Thank you for joining us for the second entry of a two-part series investigating a young basketball journey with ups, downs, struggles and successes that is still unfolding. Please read Part I of Delavontae Jackson’s story before moving on.
At the death, Delavontae Jackson’s basketball career received resuscitation.
The deadline to find a team for his senior high school season had seemingly passed. Games had been played, let alone tryouts completed. Delavontae’s father, Doc Jackson, thought of one last lifeline that could cure his son’s desperation.
One of Delavontae’s younger brothers, Diamauntae Jackson, also homeschooled, was playing his freshman year at Liberty Christian Academy in Pataskala, Ohio, a small private school on the outskirts of Columbus. Whether it would take his older son or not, Doc knew the school at least wouldn’t rip his son’s chest in two.
But Delavontae had to be ready to be vulnerable again.
“After he did mope around for a few days after Mifflin, he got up and said, ‘Okay, let’s try again,’” said Karina Jackson, Delavontae’s mother.
Months earlier, Delavontae had attended a Liberty Christian open gym with his brother. He never considered playing there as the school’s size, location and basketball prestige didn’t offer what he was looking for.
“My intention for playing basketball is I want to play at the next level,” Delavontae said. “I really believe I’m as good as any high school player, so to me, I thought that Liberty Christian, there’s no point of playing for them, because they’re a very small school.”
But any opportunity to play basketball in a gym was too good to pass up. That was when Delavontae first met Paul Hartje, Liberty Christian’s head coach.
“My initial impression was when I shook his hand, he had a really strong handshake, he and his brother both,” Hartje recalled. “I said, ‘Man, do you guys work out?’ He said, ‘My dad makes us do push-ups if we misbehave.’”
The way Delavontae carried himself, making eye contact and constantly responding with, “Yes, sir,” Hartje appreciated what he saw. Perhaps even more, he liked what he saw on the court.
But Delavontae was committed to Mifflin at the time, so Hartje was content with Diamauntae and having the older brother occasionally in his open gyms.
When that commitment disappeared, the Jacksons called Hartje hoping there was one extra spot for their second son even though Liberty Christian was two games into its season.
Hartje, who has coached basketball for 16 years but only spent the last two at Liberty Christian, didn’t have to think on it much.
“Coming to Liberty, we were dealing with some athletes who weren’t real versed in basketball, to be honest,” he said. “So, here comes a legitimate player, and as a coach I was not hesitant.”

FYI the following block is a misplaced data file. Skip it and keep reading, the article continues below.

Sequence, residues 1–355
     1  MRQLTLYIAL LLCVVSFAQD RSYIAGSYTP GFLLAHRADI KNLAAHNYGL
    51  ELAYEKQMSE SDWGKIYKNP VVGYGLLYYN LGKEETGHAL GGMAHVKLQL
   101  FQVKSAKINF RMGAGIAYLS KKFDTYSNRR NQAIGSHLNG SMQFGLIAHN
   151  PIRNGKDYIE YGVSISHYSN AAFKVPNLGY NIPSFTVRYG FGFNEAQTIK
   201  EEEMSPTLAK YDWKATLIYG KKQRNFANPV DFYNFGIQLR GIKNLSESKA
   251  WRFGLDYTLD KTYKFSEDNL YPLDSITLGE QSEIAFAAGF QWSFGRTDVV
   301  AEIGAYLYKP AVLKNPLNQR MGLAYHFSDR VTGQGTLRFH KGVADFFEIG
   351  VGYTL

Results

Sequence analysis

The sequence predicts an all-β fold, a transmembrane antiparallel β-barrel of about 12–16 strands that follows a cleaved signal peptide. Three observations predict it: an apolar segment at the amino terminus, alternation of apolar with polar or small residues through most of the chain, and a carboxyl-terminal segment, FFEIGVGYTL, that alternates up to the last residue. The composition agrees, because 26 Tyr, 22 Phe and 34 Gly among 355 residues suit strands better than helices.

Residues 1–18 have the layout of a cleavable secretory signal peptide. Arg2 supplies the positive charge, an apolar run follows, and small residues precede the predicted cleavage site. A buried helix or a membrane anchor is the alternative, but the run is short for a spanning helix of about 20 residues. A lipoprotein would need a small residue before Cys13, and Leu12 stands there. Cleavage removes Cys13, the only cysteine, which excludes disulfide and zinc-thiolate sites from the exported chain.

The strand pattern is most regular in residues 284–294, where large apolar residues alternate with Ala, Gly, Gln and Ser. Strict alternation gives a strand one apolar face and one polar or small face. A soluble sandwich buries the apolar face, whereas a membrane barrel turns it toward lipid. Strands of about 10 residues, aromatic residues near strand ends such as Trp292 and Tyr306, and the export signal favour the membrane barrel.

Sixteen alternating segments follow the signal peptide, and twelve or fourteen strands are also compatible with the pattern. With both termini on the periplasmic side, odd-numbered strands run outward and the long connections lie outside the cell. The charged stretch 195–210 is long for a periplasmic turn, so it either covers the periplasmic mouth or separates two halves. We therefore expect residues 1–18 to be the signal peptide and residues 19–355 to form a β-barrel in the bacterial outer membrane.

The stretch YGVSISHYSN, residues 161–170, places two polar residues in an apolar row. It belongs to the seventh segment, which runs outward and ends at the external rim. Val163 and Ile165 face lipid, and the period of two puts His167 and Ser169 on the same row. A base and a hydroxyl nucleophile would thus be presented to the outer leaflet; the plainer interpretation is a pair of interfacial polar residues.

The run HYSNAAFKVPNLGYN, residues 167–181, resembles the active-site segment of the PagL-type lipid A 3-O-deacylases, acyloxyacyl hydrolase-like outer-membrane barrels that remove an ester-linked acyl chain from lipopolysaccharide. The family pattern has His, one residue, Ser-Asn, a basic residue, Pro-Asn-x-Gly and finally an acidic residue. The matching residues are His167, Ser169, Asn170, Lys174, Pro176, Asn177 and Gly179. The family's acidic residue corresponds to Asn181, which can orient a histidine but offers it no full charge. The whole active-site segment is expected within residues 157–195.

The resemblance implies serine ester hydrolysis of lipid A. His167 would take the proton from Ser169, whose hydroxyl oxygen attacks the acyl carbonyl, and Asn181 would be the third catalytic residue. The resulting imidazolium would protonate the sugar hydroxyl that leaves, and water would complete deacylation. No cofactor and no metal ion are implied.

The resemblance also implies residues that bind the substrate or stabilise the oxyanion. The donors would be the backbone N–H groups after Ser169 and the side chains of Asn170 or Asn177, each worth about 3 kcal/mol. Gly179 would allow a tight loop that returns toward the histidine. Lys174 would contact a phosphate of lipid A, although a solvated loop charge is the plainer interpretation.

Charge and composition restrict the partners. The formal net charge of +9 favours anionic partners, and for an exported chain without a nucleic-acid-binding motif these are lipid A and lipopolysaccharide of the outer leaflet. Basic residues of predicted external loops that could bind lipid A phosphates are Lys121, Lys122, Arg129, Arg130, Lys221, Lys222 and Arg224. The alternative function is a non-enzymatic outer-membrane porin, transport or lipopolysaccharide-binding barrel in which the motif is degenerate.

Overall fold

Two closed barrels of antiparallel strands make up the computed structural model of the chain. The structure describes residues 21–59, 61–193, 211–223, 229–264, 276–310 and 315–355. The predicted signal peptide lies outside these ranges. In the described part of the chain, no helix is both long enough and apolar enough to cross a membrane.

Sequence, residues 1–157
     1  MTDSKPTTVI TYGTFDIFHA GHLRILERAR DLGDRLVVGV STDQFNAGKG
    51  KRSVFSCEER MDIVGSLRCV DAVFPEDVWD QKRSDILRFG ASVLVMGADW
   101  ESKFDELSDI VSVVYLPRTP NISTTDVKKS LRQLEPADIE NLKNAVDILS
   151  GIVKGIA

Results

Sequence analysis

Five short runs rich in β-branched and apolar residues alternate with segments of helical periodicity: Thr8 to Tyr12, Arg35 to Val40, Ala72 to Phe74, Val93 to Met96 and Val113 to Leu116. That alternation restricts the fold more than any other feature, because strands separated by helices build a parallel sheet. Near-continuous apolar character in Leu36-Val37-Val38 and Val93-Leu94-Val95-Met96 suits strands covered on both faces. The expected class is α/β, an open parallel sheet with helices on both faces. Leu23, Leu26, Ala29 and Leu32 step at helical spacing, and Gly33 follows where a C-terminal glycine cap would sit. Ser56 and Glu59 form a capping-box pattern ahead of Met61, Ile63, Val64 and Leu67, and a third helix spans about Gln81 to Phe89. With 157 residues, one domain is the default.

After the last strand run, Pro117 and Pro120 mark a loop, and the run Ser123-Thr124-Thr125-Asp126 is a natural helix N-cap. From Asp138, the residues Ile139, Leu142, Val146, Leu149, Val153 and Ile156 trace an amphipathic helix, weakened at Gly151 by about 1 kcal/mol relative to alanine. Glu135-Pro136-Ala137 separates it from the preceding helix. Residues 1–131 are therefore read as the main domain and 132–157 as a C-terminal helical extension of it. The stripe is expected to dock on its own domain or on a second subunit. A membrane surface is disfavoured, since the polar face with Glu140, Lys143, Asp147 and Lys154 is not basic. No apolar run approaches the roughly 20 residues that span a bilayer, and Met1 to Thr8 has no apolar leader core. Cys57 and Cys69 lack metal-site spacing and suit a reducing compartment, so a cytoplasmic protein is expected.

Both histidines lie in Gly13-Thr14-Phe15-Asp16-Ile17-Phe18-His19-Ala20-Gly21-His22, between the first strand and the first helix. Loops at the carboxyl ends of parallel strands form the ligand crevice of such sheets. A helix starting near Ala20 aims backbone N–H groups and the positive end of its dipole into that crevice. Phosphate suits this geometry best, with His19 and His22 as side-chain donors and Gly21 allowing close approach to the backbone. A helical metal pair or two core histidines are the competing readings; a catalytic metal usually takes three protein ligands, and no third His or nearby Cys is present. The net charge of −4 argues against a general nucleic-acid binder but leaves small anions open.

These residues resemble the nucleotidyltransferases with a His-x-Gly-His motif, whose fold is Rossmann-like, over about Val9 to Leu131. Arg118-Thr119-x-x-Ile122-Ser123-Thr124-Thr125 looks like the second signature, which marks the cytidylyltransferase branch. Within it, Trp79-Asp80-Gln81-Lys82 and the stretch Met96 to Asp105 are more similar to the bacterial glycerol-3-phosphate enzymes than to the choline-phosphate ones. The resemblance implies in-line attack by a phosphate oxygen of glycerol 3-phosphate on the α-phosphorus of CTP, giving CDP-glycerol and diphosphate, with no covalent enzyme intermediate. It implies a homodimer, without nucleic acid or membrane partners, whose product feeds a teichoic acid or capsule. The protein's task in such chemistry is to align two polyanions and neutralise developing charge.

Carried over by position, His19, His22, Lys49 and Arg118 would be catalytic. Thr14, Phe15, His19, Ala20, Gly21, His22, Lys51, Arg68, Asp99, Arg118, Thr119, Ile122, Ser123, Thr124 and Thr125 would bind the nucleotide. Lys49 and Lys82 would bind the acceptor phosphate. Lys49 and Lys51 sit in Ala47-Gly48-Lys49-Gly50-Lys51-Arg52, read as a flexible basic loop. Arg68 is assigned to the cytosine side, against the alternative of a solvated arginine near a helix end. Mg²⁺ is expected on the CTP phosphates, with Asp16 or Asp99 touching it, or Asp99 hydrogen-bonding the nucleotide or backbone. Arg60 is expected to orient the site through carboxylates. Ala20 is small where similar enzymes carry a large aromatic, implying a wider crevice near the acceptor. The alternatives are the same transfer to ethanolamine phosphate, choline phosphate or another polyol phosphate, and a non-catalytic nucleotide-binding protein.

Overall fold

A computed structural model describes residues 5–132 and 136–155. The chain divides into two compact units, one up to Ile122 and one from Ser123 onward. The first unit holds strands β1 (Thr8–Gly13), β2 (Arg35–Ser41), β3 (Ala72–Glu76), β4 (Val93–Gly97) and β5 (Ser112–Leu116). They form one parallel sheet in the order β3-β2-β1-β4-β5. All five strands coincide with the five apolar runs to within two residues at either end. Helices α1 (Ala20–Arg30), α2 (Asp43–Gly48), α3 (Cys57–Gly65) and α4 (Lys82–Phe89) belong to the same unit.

Delavontae found a home away from homeschool, and the beat of his basketball heart could bounce on hardwood, not blacktop.
Delavontae quickly made his mark on the Liberty Christian program.
He became captain soon after joining, and his scoring ability was unrivaled not only among his teammates but within the city. Delavontae was scoring in double-digits every outing, breaking 20 points frequently, and helping in plenty of other areas, too. But there was an adjustment period as his teammates had to warm to the idea of a newcomer jumping in and commanding serious minutes.
“There is a certain acceptance that has to take place when a kid who comes in is very skilled,” Hartje explained. “They had to adjust to that, and they did a lot because of how Delavontae is. He’s an easy-going guy, he’s humble even though he’s not unaware of his abilities, but he’s a kid who always wants to get better, wants his team to get better. Through several losses in the early part of the year, he kept the team moving forward, and we ended up being competitive toward the end of the season. A lot of that had to do with him.”
It wasn’t only Delavontae who fit in. Liberty Christian welcomed the entire Jackson clan, and it reciprocated.
“Right away, the family was involved,” Hartje said. “They’d show up. They would work together as a family to help defray some of the cost of the sports fee. After the games, they’d help out around the facility. It was just a place where it fit. Everybody was happy with it. There wasn’t tension. There wasn’t anxiety.”
The Jacksons felt it, too.
“Coach Hartje received him with open arms,” Karina said. “Even the players on the team, they’re just so welcoming. There’s no difference between, I go to this school, you don’t go to this school, or anything. He had a great transition, and we’re just so thankful for Coach Hartje for receiving him and wanting to see him succeed as much as he wants other players to succeed.”
While Delavontae was putting up monster numbers in his resurrection, it was going unnoticed. He was originally weary to play for Liberty Christian months before because he wasn’t sure it would help him play college basketball, and for as thankful as he was to step onto a court with a uniform, his accomplishments were falling on deaf ears.
270 Hoops is an online outlet aimed at comprehensive coverage of Central Ohio high school basketball. It has become the premier place for stats, game updates and all other information you could want for high school hoops in the area.
But Liberty Christian, because of its size and location, wasn’t on its radar. That’s why it was so surprising to Delavontae when halfway through the season he happened to see his name listed as a top 10 scorer for the whole area for that week.
“I was just checking 270 Hoops, and I went through the scoring leaders,” Delavontae remembered. “Just a regular day, I had no intentions of anything, and I saw my name in the top 10. I was like, ‘Hold on, is that me? Is that Liberty Christian?’”
It was him, and it was Liberty Christian, but the following week, both had disappeared from the site, and the Jacksons had to get to the bottom of it. Delavontae told his dad about 270 Hoops, and Doc was soon emailing Zach Fleer, one of the site’s founders, about his son.
The inclusion had been a mistake: Liberty Christian had played against a team 270 Hoops covered, so Delavontae’s stats made the site for a week. When Doc brought it to Fleer’s attention, he told the father he would need information on the team and school to get Liberty Christian and his son back on the site.